FOI Friday: 10 things we’ve learnt this week thanks to the Freedom of Information Act

Cars for the political top cats

It’s been a week for hearing about cutbacks in the public sector. Councils will argue they are as a lean as they can be anyway. But the South Wales Echo, using FOI, has learnt that £350k a year is spent £350k on top-of-the-range cars to ferry their political masters around.

Drugs in pubs

The Northumberland Gazette reports this week on findings from a freelance journalist who asked for the results of cocaine spotting operation in Alnwick which concluded that 24 of the 33 pubs tested in the area had traces of cocaine in them. At the time, the police only issued vague details of the results to the local paper. Given the connection Harry Potter has to Alnwick – I think parts were filmed there – the story has been huge nationally, and the police have been left to defend why they were so vague on detail in the first place.

Children hooked on drugs

A great result for the Streatham Guardian which used FOI to find out the number of children being treated for drug addications – including booze – in the area. The information came from the local PCT – or NHS Lambeth –  and led to this story:

NHS Lambeth said the majority were treated for cannabis use, but “a very low amount” were treated for other drugs such as cocaine, as well as alcohol misuse.

The figures show 52, 12 to 15-year-olds were treated in 2007-08, 56 in 2008-09 and 46 by the end of 2009.

It is estimated this could rise to 61 when the full statistics for 2009-10 are published later this year. Some 22 were treated for alcohol abuse.

They were referred for treatment by themselves, parents, schools, social workers and outreach programmes.

Pesky visitors

The Hounslow Chronicle used FOI to get one of those stories which will probably make you itch – details of the number of call outs by environmental health to uninvited visitors such as rats, mice and fleas.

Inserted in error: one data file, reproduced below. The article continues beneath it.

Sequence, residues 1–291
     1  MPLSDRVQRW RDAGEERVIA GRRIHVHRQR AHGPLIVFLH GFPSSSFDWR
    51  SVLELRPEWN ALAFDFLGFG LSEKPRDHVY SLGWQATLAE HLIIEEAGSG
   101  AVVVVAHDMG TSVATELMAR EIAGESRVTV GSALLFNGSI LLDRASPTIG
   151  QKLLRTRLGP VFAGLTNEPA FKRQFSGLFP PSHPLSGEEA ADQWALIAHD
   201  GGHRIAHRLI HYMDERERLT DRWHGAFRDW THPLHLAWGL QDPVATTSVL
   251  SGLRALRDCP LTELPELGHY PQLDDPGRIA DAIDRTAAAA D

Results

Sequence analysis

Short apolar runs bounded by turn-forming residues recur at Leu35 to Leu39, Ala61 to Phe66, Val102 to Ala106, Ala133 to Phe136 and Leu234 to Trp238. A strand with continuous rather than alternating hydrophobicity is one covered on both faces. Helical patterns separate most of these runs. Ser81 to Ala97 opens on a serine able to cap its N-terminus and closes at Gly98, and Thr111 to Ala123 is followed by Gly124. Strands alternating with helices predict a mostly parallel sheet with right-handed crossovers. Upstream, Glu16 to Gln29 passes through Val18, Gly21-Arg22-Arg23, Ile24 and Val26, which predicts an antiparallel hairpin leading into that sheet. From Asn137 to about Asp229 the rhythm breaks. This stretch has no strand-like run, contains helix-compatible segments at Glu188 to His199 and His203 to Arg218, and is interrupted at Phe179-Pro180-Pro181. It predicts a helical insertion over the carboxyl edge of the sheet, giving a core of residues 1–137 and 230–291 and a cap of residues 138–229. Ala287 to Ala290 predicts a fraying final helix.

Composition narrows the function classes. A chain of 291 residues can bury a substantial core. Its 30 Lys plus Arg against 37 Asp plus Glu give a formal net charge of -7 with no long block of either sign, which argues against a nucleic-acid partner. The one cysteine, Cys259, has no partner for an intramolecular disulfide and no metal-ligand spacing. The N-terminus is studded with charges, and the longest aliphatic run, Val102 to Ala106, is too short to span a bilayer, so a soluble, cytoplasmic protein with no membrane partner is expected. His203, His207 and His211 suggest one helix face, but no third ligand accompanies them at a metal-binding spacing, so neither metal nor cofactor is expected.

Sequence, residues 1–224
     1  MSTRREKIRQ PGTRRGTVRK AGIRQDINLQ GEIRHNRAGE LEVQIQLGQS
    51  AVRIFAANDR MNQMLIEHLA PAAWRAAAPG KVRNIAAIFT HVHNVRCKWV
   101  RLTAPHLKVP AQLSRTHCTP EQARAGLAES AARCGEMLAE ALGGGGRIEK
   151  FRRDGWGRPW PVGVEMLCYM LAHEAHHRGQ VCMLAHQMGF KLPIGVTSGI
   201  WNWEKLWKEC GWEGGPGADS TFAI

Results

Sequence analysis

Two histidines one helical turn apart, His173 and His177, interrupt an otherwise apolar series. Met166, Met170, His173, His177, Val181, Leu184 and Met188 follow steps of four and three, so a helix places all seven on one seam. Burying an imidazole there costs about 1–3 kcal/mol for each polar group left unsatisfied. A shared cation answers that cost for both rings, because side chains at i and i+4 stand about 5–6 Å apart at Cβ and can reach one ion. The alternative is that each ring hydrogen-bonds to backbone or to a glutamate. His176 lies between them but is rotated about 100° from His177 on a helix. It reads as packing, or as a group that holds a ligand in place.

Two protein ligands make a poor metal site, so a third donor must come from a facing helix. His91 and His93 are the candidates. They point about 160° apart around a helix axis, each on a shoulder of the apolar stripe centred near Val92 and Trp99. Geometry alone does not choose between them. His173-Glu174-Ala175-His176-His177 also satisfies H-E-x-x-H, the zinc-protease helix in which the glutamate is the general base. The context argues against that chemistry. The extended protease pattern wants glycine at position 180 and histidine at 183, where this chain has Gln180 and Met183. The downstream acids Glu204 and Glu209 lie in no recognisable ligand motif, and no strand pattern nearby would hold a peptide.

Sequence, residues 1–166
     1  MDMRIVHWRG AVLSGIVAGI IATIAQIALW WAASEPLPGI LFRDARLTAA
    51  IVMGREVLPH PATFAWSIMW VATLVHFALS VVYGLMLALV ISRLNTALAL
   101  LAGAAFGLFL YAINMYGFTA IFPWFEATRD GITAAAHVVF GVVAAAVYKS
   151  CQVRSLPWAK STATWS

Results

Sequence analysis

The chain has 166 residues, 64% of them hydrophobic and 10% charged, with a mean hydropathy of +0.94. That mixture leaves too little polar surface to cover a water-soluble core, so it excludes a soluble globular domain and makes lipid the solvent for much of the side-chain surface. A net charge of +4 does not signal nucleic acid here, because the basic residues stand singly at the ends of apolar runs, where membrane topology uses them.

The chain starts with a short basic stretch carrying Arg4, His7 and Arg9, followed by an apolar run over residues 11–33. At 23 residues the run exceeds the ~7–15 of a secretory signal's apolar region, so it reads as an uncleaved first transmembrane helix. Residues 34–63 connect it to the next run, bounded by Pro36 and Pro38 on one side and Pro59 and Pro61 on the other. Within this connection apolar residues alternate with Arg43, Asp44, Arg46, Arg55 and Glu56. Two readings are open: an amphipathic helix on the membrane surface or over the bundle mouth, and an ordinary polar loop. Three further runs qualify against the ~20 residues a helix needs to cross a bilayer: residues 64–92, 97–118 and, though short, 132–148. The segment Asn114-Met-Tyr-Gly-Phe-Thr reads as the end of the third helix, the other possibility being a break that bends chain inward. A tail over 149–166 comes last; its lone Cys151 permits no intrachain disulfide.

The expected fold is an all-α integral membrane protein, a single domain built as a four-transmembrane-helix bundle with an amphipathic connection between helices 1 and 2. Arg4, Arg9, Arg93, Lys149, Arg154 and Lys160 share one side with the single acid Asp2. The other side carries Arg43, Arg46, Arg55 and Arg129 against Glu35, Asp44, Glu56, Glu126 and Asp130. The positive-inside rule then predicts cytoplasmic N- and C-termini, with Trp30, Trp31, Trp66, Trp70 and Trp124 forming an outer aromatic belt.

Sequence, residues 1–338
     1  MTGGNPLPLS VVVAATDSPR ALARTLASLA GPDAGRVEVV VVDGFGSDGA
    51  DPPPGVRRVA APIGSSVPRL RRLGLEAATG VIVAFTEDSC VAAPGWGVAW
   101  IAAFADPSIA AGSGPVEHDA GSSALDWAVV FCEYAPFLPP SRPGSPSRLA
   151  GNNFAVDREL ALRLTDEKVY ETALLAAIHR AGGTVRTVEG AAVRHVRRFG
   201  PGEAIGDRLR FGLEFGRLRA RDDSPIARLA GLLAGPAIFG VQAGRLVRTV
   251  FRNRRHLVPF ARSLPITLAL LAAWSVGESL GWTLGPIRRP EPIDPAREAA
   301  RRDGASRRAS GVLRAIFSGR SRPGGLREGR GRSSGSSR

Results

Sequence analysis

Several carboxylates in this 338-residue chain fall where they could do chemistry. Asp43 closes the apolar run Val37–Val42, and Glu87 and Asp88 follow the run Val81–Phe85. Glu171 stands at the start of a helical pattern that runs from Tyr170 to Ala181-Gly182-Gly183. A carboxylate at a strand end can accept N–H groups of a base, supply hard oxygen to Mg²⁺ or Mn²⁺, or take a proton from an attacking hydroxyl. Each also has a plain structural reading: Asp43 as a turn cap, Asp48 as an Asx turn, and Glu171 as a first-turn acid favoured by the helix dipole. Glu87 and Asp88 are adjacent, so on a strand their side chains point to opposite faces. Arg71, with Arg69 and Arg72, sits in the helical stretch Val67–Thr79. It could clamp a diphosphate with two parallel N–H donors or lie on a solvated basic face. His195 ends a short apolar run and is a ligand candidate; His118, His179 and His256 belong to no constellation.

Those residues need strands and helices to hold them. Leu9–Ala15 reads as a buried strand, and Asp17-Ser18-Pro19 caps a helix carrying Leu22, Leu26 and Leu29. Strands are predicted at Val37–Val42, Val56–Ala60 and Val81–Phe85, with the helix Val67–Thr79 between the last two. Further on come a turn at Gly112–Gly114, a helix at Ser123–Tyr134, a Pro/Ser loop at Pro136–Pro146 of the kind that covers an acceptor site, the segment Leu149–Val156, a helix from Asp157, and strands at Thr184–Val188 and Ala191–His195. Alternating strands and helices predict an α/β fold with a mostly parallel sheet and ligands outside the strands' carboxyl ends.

Market Forces

A good example of a newspaper not afraid to reveal that FOIs sourced by the public can generate good stories. In a piece about the growing number of markets falling on hard times, the Yorkshire Post quotes an FOI to a council which revealed the increase in the number of empty market stalls in recent times.

Gimmick/political stunt

Another good example of using FOI to get the figures behind a much publicised political launch. The Waltham Forest Guardian reports on the findings of an investigation by a local UKIP activist, who wanted to find out how well used a £50million fund to help small businesses in Essex had been. It was run by the council, who had spent £250,000 promoting it. Turns out they’ve only given out £145,000 in loans, and are rejecting nine out of ten applications.

Ambulance accidents

According to the Daily Record, which reports on information released by the Scottish Ambulance Service, one ambulance a day is in a crash in Scotland, costing almost £250k in payouts to insurers and those whose vehicles had been damaged. 220 accidents were the fault of paramedics.

Police car accidents

Meanwhile, at the Express and Echo in Exeter, an FOI nvestigation has revealed that 220 police car accidents were reported in the last year, costing a lot to repair. They also appear to have got hold of summaries of each accident, which adds a lot of colour to the article.

Repair work

Got a local council facility which is looking a bit run down and in need of repair? The Clydebank Post does – so it asked how much it was costing to keep the Play Dome venue in good order. Some £60k is being spent every year on repairs.

Asbestos in public buildings

The Gwent Gazette reports on an FOI which revealed that asbestos was present in many of South Wales’s fire stations. I guess a similar picture could be found in schools, hospitals, community centres and other aging buildings across the UK.


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